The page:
Finance War: Brazil Wants Banks to Lend More and Charge Less

Banco Itaú Private banks in Brazil should follow state lenders and lower interest rates to help drive a rebound of the economy, said Brazilian Central Bank (BC) President, Henrique Meirelles, during a seminar last week in São Paulo. He also stated that the BC policy is geared to an accumulation of reserves "to improve the country's resistance to the crisis."

Both issues have triggered a heated debate about whether government banks are sacrificing returns by charging interest rates below the market average and if the Brazilian currency, real, was again too strong against the US dollar because of the massive influx of foreign capital.

Meirelles said he did not share the view that public banks were lowering interest rates too aggressively, "that's not our view at the moment."

The Central bank president statement comes in support of remarks by Finance Minister Guido Mantega and Banco do Brasil CEO Aldemir Bendine, who called on private banks to increase lending and lower rates.

Brazil's largest private bank Itaú Unibanco earlier in the week had criticized state banks for lending at "below-market rates". But Meirelles praised state banks for their role in keeping credit flowing during the global financial crisis and helping to stoke the economic recovery of Latin America's largest economy.

Regarding the strength of the real which has gained 26% against the US dollar so far this year, recovering almost all the ground lost when the crisis broke out last September, Meirelles said that "the Central bank has a policy of (foreign currency) reserve accumulation to improve the country's resistance to the crisis."

Although the dollar initially strengthened during the crisis because of its safe-haven status, it has since weakened considerably as investors looked to higher-risk emerging markets such as Brazil which promise better returns.

Brazil's central bank has been taking advantage of the dollar's relative weakness over the past three months to bolster its already hefty foreign reserves which have now swelled to a record 212 billion US dollars.

However this has become a main point of concern for several exporting companies. Particularly manufacturers believe Brazil could lose market share and become even more reliant on commodities exports, soy beans, iron, coffee, orange juice.

Last Friday the US dollar was equivalent to 1.85 real after having dropped to almost 2.20 at the height of the crisis earlier this year from 1.60 before September 2008.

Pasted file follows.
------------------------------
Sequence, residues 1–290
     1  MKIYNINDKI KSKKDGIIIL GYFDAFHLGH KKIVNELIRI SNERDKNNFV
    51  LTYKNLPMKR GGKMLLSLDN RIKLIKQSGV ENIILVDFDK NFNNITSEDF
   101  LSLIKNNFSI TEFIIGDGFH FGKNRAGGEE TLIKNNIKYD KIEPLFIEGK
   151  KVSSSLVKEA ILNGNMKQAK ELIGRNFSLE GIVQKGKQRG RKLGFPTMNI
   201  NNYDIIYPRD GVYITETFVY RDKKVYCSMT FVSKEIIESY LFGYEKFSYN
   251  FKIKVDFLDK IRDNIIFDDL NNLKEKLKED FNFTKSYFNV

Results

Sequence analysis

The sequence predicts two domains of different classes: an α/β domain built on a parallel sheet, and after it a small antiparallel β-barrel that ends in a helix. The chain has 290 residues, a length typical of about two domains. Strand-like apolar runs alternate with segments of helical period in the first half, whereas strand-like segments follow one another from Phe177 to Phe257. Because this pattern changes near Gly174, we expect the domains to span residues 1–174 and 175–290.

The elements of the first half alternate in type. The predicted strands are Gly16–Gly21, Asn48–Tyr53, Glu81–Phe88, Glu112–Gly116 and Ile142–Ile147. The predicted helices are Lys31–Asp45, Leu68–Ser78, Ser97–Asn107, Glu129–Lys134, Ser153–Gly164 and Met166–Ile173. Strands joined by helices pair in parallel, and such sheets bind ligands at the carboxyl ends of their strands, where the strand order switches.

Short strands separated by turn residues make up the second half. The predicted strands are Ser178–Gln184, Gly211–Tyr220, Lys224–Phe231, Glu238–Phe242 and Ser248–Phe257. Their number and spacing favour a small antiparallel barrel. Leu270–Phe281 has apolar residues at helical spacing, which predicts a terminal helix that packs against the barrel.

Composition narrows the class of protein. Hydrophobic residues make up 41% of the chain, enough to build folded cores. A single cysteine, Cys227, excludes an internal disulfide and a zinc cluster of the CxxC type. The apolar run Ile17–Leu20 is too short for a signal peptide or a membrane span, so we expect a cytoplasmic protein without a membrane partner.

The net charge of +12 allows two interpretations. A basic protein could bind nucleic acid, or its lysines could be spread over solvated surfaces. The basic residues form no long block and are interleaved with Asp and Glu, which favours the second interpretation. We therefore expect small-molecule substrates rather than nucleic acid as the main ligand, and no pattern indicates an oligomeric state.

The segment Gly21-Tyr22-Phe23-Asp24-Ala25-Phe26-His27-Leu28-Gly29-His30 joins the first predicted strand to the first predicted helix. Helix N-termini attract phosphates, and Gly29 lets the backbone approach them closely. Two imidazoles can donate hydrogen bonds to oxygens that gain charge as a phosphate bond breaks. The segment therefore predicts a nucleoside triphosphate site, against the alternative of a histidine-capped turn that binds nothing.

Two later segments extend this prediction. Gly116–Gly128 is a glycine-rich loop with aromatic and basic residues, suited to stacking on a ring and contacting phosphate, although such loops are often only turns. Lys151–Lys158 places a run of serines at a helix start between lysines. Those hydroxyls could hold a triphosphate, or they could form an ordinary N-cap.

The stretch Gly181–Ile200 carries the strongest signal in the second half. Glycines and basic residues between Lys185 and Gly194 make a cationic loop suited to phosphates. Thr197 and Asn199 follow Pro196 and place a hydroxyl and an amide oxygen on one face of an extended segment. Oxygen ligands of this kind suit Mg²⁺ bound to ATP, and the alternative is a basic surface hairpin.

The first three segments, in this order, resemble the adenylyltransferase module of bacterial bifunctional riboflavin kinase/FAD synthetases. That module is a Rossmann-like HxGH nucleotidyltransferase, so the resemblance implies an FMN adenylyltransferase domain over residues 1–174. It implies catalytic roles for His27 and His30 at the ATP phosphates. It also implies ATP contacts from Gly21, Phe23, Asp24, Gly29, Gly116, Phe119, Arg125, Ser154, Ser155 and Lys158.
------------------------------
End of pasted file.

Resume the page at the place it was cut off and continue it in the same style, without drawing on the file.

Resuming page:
Mercopress

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  • ch.c.

    jiveandwail
    And in 1995 the rate was 1 to 1 !
    has the Brl strengthened since then …IN YOUR VIEW ?
    And this was after 1994 when you took off 3 zeroes PLUS another 2,75 to 1 to make it 1 to 1 !
    And in the early 1980 you also took off 3 zeroes.
    And earlier another 2 times ….. 3 zeroes !

    As to the recent LOW you mentionned for the Brl, sorry but it went to 2,65 !

    Reality is that Brazil has THE SECOND WORLD WEAKEST CURRENCY AFTER ZIMBABWE….ON A SECULAR BASIS !

    Concerning Brazilian Interest Rates :
    – your rates are low when measured against your own earlier rates

    BUT…. YOUR RATES ARE STILL ONE OF THE THE HIGHEST IN SOUTH AMERICA !
    Much higher than in Chile (around 0,5 %) Colombia (around 4,5 %) and even Peru, Uruguay just to name a few countries !

    And No Doubt
    That Brazil Interests Rates are STILL THE WORLD HIGHEST …… BY FAR ……ON AN AFTER INFLATION BASIS !
    Even measured by the Central Bank Rates !
    Further increased by your Bank Lending Rates to Corporations and Individuals.
    Medium sized companies have to borrow at more than 30 %
    Individuals at about 10-12 % for mortgages, 25-30 % for cars, 40 to 100 % for personal loans, and well over 150 % for overdrafts !!!
    And this in a 4,5 % or so ….. INFLATION RATE !

    Brazilians….ENJOY YOUR FILTHY BORROWING RATES !

    Hip hip Hurrah, Hip Hip Hurrah, Hip hip Hurrah….for iNIACIO…. alias… ROBBING HOOK !
    Dont hesitate to change his mind and have him re-elected for a 3rd term.

    😉 😉 😉

  • jiveandwail

    ‘Top’ for BR$/US$ = 2.44, 3/3/09
    the ‘DÀƒ³lar comercial’ runs a few cents less, but the top was in the 2.4À‚´s in dec. À‚´08 and march À‚´09 …

    http://www.exchange-rates.org/history/BRL/usD/T

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